Cowlings are another area that not only affect cooling of the engine but also the performance of the aircraft. Missing screws and fasteners, cracks, mismatched panels, missing chafe strips or seals, and loose or cracked access doors or panels all should be repaired. Consider the fact that if a cowling is not sufficiently rigid, is cracked or broken, or is not properly attached during the operation of the aircraft, the cowling can “grow” or move, which allows cooling air to escape without passing over the cylinders and also disturbs the airﬂow around the fuselage. Next time the cowling is off your aircraft, take a look at it from the inside for cracks, broken parts, and evidence of chaﬁng or movement. Money is well spent on repairs before the situation becomes serious enough that cylinders crack or oil temperatures rise above redline. There are several cowling fasteners available, and not all are of the same strength and ease of use. Each type of fastener must be used in conjunction with receptacles that may be speciﬁc to material thickness. Engine cowling design has seen some improvements in recent High performance cowling must be matched with appropriate propeller and years to increase aircraft performance by reducing drag spinner design for suﬃcient engine cooling.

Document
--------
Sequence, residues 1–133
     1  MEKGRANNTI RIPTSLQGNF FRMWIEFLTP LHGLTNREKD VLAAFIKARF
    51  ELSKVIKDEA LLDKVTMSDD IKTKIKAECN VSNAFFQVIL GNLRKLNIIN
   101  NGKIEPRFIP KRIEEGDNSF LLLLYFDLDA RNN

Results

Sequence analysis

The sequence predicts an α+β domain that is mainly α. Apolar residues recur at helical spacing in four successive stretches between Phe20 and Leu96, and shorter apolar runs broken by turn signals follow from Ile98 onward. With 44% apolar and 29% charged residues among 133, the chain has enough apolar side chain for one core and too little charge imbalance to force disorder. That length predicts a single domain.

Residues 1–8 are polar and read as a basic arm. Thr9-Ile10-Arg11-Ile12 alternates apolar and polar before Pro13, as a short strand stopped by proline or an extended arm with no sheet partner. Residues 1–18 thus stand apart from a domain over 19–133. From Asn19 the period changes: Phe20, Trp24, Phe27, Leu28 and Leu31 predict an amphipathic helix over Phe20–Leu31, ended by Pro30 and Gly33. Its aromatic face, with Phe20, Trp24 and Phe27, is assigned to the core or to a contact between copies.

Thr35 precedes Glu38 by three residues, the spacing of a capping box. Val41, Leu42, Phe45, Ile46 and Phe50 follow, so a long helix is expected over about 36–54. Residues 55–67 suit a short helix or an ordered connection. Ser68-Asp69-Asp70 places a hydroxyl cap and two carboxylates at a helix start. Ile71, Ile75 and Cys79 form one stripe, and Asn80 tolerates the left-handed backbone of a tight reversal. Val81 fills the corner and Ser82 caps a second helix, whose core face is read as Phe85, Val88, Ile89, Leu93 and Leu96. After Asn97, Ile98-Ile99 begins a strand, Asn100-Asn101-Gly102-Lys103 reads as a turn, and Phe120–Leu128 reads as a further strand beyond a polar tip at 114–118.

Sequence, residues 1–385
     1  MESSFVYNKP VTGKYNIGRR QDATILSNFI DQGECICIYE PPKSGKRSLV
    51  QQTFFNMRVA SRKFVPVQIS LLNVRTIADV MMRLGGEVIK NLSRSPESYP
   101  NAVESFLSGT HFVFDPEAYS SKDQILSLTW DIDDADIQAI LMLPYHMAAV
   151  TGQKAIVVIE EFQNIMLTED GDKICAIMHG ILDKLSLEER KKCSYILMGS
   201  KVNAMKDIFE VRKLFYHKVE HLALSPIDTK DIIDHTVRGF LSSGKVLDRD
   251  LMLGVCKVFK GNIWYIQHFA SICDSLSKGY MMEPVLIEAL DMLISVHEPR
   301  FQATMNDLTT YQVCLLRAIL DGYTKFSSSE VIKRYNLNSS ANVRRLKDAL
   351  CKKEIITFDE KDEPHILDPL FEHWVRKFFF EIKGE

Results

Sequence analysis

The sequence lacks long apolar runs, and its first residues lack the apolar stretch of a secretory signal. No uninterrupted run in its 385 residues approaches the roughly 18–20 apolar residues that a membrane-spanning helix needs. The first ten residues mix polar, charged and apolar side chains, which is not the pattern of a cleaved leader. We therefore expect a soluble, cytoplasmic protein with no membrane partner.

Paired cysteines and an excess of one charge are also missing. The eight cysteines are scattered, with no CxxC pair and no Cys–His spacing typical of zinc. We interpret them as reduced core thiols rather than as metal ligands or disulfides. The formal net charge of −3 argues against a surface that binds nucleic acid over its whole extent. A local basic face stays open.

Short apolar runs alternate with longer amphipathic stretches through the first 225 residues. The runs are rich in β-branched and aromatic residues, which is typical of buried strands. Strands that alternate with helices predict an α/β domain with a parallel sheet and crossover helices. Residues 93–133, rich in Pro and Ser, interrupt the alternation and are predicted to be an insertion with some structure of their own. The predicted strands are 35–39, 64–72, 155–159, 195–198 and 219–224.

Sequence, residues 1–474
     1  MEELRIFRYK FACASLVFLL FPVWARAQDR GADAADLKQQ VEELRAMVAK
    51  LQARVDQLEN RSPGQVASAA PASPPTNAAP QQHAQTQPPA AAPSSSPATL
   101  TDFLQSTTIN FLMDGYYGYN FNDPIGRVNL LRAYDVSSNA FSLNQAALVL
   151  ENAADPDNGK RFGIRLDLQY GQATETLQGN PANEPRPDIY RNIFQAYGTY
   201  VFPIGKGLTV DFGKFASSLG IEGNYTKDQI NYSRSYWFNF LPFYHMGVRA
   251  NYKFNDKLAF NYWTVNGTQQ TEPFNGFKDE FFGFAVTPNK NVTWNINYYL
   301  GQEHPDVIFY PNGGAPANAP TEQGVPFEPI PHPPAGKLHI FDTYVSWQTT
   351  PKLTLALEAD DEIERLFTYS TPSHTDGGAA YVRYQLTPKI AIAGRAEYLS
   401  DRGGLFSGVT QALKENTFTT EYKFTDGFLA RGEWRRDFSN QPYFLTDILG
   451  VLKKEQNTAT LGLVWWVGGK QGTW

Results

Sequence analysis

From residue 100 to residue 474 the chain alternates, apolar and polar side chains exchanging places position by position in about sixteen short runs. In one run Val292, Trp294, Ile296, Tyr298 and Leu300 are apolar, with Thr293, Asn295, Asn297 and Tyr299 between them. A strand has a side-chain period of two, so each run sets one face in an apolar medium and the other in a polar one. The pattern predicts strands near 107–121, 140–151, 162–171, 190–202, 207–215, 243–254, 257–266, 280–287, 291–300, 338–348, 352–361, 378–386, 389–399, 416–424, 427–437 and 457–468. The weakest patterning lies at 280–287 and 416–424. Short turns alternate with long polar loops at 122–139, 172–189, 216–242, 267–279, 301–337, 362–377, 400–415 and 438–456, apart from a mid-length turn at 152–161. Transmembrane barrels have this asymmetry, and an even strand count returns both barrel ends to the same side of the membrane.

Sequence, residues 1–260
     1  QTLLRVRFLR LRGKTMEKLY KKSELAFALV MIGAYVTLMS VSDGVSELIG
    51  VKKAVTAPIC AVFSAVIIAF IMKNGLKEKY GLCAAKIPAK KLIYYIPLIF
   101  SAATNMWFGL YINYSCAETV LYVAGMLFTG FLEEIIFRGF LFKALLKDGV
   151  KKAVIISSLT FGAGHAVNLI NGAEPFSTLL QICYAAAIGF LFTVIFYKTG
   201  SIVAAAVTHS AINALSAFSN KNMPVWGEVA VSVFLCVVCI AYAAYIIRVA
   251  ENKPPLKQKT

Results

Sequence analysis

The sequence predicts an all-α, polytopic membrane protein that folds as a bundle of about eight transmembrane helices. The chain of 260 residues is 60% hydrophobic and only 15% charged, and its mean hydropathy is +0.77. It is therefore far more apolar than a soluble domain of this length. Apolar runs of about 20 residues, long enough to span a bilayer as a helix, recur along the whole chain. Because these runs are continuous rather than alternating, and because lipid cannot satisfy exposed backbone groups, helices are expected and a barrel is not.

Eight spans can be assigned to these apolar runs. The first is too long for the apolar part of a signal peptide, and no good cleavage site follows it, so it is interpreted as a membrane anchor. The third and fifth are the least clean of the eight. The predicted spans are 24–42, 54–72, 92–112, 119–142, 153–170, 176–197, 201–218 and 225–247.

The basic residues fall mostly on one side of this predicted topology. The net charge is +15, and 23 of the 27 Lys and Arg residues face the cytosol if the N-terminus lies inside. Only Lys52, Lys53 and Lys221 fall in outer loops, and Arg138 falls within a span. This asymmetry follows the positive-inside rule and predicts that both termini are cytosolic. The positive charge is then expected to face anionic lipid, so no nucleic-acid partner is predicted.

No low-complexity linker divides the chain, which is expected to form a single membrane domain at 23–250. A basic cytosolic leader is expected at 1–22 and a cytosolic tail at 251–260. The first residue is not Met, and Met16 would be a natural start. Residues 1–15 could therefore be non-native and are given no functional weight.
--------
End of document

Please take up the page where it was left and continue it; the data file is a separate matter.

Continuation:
98 Sport Aviation May 2011
PHOTOGRAPHY BY MIKE BERRY
With their high operating temperatures, turbochargers often require direct cooling via ﬂexible tubing.